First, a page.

It's finally summer! It's so tempting to take your bunnies outside to stretch their fuzzy thumpers.
Here are some tips to keep your rabbit safe while outside
1. BUNNY PROOFING
Plants are the most common thing you will have to look for. While many garden weeds like dandelions and clover are safe for your rabbits to have an all you can eat buffet, be sure to do your research the plants in your garden to make sure none are toxic. For example, the fruit portions of tomatoes are safe for rabbits, but stems and leaves are toxic.
Equally important as things for rabbits to keep out of, is things that should always be available, especially if it's hot. Water and hay should be accessible to your rabbit, as well ways to keep cool.
2. LOOK UP
Depending where you live, your area may be prone to birds looking for their next meal. It only takes a second for them to swoop and pick up your rabbit. Neighbors' pets like outdoor cats, or off leash dogs may pay your rabbit a visit too. If your rabbit is in an xpen, you can get coverings that attach to the top which is actually triple purpose.
A. It keeps predators out (or will at least deter or slow them down)
B. It keeps your rabbit in. Acrobatic rabbits can attempt to jump even 4ft xpens!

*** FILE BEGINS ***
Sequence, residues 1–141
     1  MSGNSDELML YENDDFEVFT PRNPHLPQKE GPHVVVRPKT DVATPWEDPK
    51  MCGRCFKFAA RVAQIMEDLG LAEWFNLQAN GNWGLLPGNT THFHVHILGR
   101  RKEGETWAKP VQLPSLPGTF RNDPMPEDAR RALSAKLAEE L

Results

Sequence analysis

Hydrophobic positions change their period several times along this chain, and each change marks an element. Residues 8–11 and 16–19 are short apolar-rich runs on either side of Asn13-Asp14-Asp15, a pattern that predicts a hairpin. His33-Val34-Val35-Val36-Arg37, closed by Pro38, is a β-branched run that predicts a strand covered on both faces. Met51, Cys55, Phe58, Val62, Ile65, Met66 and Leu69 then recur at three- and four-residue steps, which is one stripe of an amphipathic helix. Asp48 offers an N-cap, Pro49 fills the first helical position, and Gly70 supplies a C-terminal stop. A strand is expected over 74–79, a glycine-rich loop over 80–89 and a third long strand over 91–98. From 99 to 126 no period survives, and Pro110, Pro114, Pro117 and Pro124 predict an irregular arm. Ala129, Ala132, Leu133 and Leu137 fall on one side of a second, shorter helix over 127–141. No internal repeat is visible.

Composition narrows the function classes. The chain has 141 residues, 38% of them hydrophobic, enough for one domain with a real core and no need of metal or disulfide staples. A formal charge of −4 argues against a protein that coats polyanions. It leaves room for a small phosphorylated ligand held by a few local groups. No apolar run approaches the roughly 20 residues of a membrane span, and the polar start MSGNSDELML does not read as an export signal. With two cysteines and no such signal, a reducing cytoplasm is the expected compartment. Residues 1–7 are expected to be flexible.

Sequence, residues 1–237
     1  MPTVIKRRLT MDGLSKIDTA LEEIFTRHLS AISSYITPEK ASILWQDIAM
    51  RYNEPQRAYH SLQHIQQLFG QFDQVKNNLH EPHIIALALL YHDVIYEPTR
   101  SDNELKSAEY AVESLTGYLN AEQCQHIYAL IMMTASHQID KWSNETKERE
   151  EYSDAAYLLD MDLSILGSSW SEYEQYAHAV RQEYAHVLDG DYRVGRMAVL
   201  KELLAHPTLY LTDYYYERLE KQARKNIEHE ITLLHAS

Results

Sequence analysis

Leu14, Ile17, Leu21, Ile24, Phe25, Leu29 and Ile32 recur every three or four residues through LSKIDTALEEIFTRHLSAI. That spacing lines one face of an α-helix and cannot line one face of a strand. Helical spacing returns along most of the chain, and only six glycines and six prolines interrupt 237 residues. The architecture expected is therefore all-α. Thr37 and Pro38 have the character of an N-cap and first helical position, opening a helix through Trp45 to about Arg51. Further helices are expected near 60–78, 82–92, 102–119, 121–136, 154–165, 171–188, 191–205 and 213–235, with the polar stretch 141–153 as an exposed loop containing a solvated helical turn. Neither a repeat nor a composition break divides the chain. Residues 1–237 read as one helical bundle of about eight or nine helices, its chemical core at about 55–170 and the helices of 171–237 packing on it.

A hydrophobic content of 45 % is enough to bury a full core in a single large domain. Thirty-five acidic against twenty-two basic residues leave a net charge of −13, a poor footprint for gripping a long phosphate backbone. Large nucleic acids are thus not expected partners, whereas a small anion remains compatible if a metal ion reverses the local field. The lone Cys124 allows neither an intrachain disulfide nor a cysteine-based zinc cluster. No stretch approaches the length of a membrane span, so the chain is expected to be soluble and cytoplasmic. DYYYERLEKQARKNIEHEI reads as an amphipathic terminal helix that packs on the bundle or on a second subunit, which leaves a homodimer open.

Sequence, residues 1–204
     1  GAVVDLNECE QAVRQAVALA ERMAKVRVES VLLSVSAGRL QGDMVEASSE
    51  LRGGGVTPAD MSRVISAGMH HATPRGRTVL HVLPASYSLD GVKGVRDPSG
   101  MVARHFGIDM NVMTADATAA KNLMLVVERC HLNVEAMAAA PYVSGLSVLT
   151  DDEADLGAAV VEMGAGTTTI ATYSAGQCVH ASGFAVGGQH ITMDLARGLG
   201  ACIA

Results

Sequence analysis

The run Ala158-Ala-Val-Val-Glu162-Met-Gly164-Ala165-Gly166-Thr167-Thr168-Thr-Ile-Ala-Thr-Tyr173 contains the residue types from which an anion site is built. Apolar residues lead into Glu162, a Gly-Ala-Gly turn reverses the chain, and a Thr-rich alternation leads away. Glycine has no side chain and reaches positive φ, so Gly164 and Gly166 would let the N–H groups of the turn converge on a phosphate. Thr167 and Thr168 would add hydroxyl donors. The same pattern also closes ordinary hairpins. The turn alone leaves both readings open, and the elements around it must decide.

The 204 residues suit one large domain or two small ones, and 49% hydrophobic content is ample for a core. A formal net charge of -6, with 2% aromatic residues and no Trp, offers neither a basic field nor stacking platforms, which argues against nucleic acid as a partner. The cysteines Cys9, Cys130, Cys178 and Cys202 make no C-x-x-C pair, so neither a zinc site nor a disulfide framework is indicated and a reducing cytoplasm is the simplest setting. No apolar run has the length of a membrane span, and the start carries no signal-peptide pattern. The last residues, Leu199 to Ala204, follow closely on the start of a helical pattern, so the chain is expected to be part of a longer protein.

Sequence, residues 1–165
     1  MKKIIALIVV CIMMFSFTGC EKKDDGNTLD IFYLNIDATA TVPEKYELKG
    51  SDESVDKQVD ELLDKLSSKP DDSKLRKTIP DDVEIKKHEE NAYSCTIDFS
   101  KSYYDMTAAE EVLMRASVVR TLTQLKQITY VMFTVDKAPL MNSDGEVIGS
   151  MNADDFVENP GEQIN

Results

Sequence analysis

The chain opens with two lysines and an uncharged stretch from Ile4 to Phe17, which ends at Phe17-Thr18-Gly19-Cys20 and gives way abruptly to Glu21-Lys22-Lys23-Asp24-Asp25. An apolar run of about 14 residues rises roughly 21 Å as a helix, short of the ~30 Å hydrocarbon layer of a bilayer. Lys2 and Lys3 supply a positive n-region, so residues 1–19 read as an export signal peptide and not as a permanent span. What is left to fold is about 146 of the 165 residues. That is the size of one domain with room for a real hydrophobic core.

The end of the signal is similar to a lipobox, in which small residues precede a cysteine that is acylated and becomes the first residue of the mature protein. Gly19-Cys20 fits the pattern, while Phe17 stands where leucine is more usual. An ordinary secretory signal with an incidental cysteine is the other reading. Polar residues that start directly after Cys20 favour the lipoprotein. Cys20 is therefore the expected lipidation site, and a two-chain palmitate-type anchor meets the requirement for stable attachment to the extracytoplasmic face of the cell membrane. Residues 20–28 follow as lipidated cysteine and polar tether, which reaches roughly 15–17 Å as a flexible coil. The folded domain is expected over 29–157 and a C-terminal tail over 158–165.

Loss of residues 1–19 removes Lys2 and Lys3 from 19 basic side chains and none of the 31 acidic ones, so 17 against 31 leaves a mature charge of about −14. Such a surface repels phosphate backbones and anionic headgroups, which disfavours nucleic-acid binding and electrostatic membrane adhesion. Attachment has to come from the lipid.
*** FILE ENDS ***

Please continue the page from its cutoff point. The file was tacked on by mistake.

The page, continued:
C. It provides some shelter for your rabbit. Remember rabbits are not great with heat. Providing some shade for your rabbit cannot be recommended enough!
3. LOOK DOWN
Bunnies love to dig. What is on the ground? Can they dig under the fence or gate? Are there places (maybe the flower bed you spent hours on) where you wouldn't like them to dig? Blocking off these areas is the easiest thing to do, and staking down fencing will ensure your rabbit won't get their mischievous nose into the area.
If you're into serious bunny proofing renovations, bury chicken wire flat under your fencing, before you lay your sod. Rabbits may dig through grass, but will not be able to get through much of the topsoil and fit under areas.
As nice as it is to enjoy some sangria outside with your rabbit, keep in mind that not all rabbits are happy being outdoors. Many are much happier inside, where they feel safe. You know your rabbit best, and will know when they are uncomfortable or scared.